That cities are growing is undeniable. By 2050, cities are expected to be home to 70% of the world’s population. However, cities aren’t sufficiently prepared to support this population growth without investing in the necessary infrastructure or technological aspects of the city of the future. Our environment’s constant transformation and the needs we have as inhabitants involve a response from and adaptation of the cities in which we live. That adaptation has to be specific to each city’s characteristics. As demographics change, and as globalization and digitization redefine cities, their transformation is essential to promoting sustainable growth, just as commitment and a legal framework through which to carry it out are necessary, answering the expectations of residents, governments, and the private sector. Smart Cities can improve indicators such as quality of life, health, and safety by 10% to 30%, as the McKinsey Global Institute recently highlighted.
Big challenges ahead: technology, mobility, and the environment
Source: Unsplash | Author: Zachary Staines
The study, “Smarter Cities 2025,” (launched by firms such as Accenture, Mastercard, Ferrovial, and Oracle) addresses three core elements of smart cities: technology, mobility, and the environment. In this post, we will address these pillars in this article, as well as other foundational areas that include aspects such as governance, economics, and infrastructure.
Technology: Innovation and technology are fundamental elements in the transformation of a city. Rolling out 5G, along with using artificial intelligence and big data, are basic tools for creating connected cities. With it, public service providers using technology to offer an integrated, personalized selection with a focus on higher efficiency has become a fundamental tool for fostering Smart Cities. Alongside that, the use of mobile devices has become a commodity for residents, who participate in decision-making through those devices. In all of these cases, we cannot forget the importance of data and its security.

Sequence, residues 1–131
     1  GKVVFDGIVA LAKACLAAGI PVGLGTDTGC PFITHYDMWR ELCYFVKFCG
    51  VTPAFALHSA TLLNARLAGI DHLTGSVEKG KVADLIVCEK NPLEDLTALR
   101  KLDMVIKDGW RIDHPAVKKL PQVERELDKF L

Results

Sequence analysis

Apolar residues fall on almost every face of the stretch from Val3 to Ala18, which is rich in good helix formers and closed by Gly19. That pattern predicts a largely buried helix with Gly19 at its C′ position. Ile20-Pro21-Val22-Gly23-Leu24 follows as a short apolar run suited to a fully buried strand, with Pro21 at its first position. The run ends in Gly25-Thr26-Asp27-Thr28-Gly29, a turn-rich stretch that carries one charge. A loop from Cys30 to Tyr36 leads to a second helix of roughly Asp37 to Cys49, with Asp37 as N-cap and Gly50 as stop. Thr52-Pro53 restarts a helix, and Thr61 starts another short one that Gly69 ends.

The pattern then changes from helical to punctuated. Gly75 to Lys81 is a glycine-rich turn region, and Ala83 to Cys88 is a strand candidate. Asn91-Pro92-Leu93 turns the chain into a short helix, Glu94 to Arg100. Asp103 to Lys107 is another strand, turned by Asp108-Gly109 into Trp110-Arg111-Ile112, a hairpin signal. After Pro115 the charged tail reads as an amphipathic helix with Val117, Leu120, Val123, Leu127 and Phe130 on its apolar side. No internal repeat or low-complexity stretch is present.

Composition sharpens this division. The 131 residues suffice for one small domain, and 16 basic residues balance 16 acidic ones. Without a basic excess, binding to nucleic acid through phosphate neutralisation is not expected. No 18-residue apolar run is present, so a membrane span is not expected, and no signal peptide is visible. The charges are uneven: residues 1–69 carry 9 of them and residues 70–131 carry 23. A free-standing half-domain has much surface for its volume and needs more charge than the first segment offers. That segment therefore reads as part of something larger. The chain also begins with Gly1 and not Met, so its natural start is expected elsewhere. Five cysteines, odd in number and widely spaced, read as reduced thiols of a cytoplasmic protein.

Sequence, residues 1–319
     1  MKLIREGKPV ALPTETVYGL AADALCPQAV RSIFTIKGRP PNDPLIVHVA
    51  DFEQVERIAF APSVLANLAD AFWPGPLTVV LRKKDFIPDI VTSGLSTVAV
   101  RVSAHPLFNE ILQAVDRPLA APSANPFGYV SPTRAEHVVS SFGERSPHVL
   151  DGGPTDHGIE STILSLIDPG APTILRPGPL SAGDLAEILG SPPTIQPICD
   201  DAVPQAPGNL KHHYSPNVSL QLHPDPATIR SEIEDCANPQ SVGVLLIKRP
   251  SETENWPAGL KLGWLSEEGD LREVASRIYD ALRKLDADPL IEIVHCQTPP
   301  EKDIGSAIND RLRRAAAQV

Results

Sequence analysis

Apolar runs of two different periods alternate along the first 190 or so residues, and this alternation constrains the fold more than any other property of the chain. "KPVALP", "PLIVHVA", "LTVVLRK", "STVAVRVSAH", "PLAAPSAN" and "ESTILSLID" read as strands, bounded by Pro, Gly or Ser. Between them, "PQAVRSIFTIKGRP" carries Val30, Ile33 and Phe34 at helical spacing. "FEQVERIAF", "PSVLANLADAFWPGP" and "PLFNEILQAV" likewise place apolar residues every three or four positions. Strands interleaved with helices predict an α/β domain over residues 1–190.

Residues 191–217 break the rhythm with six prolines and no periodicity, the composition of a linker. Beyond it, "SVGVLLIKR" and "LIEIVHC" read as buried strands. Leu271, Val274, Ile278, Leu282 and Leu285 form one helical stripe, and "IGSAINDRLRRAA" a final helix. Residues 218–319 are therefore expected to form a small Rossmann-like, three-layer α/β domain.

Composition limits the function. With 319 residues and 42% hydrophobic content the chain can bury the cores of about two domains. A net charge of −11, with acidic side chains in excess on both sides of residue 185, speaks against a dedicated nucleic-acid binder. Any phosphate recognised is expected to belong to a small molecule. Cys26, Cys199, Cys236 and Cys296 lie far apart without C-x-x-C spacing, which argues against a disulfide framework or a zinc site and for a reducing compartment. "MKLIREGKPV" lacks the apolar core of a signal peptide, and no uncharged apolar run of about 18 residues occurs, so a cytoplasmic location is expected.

Mobility: According to HSBC, the problems arising from urban traffic represent an annual level of approximately USD 1.7 nrt in the developed world, a figure that could go up by 30% if no solutions are found. Therefore, improving mobility in cities and reducing urban traffic by offering new models is one of the main lines of action around the world. Planning and implementing mobility strategies in sustainable transportation design is key. Developing, using, and implementing mobility platforms and multiple ride-sharing options are contributing to the change in residents’ behavior in this area. Electric vehicles, shared vehicles, bicycles, motorbikes, and scooters are transforming transportation in major cities since they are cheaper, more accessible modes of transportation than privately-owned options. Optimizing transportation routes and less traffic. Cities where getting around is not a problem but is part of the solution when shared. Given the dynamism in this arena, before long, we will have multimodal platforms with integrated mobility options that are adapted to user needs and easy payment at the click of a button.
Environment: Climate change is a reality, and action must be taken to mitigate its impact. According to the United Nations, circular economy will reduce the amount of waste produced and emissions by up to 99%. Protecting and caring for our environment is everyone’s responsibility. To this end, we must push for accessible cities that have a higher degree of circularity, where residents participate in environmental improvement and have the resources necessary to do so; where there is better access to recycling centers, less waste generation, and recovery of waste; and where cities have good-quality air and everyone pitches in to lower pollution.